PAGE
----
I know the following issues have been addressed in previous columns, but ongoing conversations and reports indicate that deceptive and fraudulent activity is ongoing within our community.
We have received multiple reports of an unknown person contacting a resident by telephone, identifying themselves as an employee of the Internal Revenue Service, stating that a lawsuit has been filed and that the complainant needs to contact them immediately.
The phone number given shows an area code from Virginia. Please remember that the Internal Revenue Service WILL NOT contact you by telephone nor will they demand immediate payment.
A statement from the Internal Revenue Service, “The IRS does not initiate contact with taxpayers by email to request personal or financial information. This includes any type of electronic communication, such as text messages and social media channels. Report suspicious online or emailed phishing scams to:firstname.lastname@example.org. For phishing scams by phone, fax or mail, call 1-800-366-4484. Report IRS impersonation scams to the Treasury Inspector General for Tax Administration’s IRS Impersonation Scams Reporting.” ( https://www.irs.gov/uac/Taxpayer-Guide-to-Identity-Theft).
Last year we had over 30 offense reports detailing the theft of taxpayer identification and the subsequent filing of fraudulent tax returns for other people. The Internal Revenue Service is acutely aware of the large amount of identity theft and recommends the following:
What is tax-related identity theft?
Tax-related identity theft occurs when someone uses your stolen Social Security number to file a tax return claiming a fraudulent refund.
You may be unaware that this has happened until you efile your return and discover that a return already has been filed using your SSN. Or, the IRS may send you a letter saying we have identified a suspicious return using your SSN.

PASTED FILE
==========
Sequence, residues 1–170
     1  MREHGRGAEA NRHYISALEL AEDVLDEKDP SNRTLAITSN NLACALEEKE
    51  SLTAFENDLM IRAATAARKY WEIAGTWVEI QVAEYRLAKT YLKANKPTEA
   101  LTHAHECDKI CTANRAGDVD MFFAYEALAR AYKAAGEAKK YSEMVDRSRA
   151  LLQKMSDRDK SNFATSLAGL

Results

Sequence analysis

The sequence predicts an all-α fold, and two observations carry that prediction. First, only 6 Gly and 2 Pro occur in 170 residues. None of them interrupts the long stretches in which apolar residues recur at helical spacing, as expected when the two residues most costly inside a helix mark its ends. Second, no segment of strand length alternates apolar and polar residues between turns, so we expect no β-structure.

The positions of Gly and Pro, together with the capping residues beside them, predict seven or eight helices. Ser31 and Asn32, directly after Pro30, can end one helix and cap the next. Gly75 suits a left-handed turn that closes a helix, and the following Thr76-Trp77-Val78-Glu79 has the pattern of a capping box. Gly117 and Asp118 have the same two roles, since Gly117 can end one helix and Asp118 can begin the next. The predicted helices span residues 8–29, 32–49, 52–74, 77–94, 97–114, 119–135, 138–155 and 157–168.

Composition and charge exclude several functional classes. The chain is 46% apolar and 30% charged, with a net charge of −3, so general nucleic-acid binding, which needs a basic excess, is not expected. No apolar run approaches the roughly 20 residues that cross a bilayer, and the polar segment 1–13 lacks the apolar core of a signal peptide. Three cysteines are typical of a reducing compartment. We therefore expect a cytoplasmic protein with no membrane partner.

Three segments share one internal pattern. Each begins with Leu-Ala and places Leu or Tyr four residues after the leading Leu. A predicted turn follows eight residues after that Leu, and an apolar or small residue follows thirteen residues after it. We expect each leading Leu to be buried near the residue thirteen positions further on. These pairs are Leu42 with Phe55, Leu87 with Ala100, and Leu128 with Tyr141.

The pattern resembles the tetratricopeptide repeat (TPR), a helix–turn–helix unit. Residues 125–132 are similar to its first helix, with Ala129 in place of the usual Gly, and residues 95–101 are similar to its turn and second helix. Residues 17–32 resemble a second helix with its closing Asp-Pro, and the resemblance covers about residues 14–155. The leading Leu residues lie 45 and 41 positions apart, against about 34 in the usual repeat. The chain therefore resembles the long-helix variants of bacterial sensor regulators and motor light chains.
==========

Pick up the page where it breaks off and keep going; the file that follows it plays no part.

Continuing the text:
Know the warning signs
Be alert to possible tax-related identity theft if you are contacted by the IRS or your tax professional/provider about:
- More than one tax return was filed using your SSN.
- You owe additional tax, refund offset or have had collection actions taken against you for a year you did not file a tax return.
- IRS records indicate you received wages or other income from an employer for whom you did not work.
Steps to take if you become a victim
If you are a victim of identity theft, the Federal Trade Commission recommends these steps:
- File a complaint with the FTC at identitytheft.gov.
- Contact one of the three major credit bureaus to place a ‘fraud alert’ on your credit records:
- Equifax, www.Equifax.com, 1-800-766-0008
- Experian, www.Experian.com, 1-888-397-3742
- TransUnion, www.TransUnion.com, 1-800-680-7289
- Contact your financial institutions, and close any financial or credit accounts opened without your permission or tampered with by identity thieves.
If your SSN is compromised and you know or suspect you are a victim of tax-related identity theft, the IRS recommends these additional steps:
- Respond immediately to any IRS notice; call the number provided or, if instructed, go to IDVerify.irs.gov.
- Complete IRS Form 14039, Identity Theft Affidavit, if your efiled return rejects because of a duplicate filing under your SSN or you are instructed to do so. Use a fillable form at IRS.gov, print, then attach the form to your return and mail according to instructions.
- Continue to pay your taxes and file your tax return, even if you must do so by paper.
If you previously contacted the IRS and did not have a resolution, contact us for specialized assistance at 1-800-908-4490. We have teams available to assist.
If you think you are the victim of tax-related identity theft, and have questions, please don’t hesitate to contact Investigator Murphy who will assist in any way possible (972) 355-5995.
Thank you for the opportunity to serve.